GREEN BAY, Wis. (WFRV)-- Among adults with serious psychological distress—less than half received mental health treatment or medication. That’s according to the most recent data from the Wisconsin Human Services Department.
“Mental health care is certainly a very legitimate concern," said Jeremy Kral, the executive director of Brown County Human Services.
But those statistics could soon change.
Gov. Scott Walker signed seven bills Thursday at the Brown County Human Services Department that will help improve overall access to treatment.
“There are ways that we can provide, just like we do with other health issues, treatment to make sure that people are viable and productive parts of our society," said Gov. Walker.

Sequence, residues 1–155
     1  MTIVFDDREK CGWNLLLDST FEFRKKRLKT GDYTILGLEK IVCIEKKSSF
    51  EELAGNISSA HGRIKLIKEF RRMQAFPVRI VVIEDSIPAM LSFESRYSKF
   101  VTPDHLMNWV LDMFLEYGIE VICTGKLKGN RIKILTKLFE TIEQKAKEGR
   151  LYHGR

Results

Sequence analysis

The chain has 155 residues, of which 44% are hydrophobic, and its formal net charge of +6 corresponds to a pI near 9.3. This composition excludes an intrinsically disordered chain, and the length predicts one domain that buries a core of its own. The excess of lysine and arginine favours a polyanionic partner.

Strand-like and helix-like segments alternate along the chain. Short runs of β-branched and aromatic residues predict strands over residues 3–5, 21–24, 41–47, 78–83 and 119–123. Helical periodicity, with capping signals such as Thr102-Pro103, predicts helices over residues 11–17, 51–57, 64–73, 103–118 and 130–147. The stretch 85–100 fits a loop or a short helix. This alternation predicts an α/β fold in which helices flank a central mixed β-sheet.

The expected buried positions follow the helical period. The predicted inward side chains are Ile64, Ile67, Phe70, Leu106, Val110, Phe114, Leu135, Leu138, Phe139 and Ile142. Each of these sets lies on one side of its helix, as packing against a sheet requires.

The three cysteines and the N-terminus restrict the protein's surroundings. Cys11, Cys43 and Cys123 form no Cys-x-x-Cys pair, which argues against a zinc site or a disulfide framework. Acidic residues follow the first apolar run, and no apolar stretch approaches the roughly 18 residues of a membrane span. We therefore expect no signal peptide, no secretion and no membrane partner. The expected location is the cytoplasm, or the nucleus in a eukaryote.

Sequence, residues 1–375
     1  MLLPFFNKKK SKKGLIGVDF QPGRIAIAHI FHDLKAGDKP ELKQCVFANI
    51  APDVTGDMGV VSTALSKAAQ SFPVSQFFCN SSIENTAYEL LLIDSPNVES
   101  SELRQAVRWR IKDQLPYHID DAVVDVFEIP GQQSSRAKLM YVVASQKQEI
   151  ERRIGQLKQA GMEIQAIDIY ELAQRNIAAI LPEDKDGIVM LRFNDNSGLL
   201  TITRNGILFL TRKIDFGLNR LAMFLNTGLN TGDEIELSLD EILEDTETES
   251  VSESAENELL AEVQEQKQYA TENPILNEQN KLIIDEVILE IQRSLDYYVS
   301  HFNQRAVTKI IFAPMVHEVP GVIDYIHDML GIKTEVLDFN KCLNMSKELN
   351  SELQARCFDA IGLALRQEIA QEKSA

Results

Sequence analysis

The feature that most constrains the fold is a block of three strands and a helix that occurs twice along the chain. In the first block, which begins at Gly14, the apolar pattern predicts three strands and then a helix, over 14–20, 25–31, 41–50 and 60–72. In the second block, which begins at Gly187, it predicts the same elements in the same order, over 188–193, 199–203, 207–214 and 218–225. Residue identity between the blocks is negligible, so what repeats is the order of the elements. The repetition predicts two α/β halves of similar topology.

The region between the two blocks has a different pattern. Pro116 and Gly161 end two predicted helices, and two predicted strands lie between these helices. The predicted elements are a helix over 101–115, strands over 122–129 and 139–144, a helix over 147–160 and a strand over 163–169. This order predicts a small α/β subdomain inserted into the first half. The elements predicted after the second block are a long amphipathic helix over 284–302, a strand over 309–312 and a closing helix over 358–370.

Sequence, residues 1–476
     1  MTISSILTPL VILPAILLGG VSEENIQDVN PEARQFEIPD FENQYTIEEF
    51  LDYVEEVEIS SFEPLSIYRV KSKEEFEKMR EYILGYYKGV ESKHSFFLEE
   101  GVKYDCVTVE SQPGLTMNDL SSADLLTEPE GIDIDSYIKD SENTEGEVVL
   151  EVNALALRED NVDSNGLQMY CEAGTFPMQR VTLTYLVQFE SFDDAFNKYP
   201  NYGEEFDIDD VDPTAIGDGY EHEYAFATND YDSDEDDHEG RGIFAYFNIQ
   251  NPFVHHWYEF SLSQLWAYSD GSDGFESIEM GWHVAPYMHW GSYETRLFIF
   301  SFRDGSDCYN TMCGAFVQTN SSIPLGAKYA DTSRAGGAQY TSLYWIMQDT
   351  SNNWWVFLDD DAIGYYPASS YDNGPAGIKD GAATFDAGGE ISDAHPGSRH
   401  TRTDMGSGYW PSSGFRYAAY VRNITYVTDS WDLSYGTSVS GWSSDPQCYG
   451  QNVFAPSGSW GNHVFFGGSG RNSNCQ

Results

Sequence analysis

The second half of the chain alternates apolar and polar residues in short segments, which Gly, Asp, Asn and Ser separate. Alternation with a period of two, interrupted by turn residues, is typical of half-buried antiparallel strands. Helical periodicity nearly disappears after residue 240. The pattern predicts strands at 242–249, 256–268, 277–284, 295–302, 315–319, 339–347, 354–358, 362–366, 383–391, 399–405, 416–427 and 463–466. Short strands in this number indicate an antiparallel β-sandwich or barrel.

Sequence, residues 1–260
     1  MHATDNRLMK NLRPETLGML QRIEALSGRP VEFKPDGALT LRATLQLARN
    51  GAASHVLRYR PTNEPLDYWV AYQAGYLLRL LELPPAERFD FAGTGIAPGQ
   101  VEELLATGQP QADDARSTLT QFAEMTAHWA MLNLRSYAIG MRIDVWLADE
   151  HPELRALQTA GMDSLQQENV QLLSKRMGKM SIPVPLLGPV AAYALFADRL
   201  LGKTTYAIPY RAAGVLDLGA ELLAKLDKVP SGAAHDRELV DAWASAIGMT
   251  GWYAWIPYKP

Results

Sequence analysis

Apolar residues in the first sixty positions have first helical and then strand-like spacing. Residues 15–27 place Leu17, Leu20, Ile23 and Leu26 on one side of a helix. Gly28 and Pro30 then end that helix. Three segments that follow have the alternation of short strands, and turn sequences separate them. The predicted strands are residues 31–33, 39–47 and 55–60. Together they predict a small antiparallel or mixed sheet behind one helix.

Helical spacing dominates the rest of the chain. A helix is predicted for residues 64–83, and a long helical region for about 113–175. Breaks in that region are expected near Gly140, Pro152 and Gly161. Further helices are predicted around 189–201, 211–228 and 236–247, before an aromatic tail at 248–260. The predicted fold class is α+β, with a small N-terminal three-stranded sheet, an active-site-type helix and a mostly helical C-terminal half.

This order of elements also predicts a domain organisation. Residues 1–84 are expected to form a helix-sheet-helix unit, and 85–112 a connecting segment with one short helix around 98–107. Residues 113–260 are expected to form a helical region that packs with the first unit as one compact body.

The state has set aside nearly $30 million towards mental illness support.
Part of the money will go towards improving children psychiatric programs, programs to train adults with mental illness the skills they need to get hired, and crisis intervention for local law enforcement agencies.
“We can now provide in home counseling services to youth without requiring that they fail a [treatment test] so that will allow earlier interventions and more quality intervention," said Kral.
For local law enforcement—this money means training more officers to deal with mental health issues.
Captain Jeremy Muraski with the Green Bay Police Dept. said, “We’re trying to solve the underlying issues and maybe get people connected with caregivers or support network and hopefully get them a better quality of life that have those interactions with the criminal justice department in the first place.”
And for rural areas in the state—this legislation means more access to physicians.
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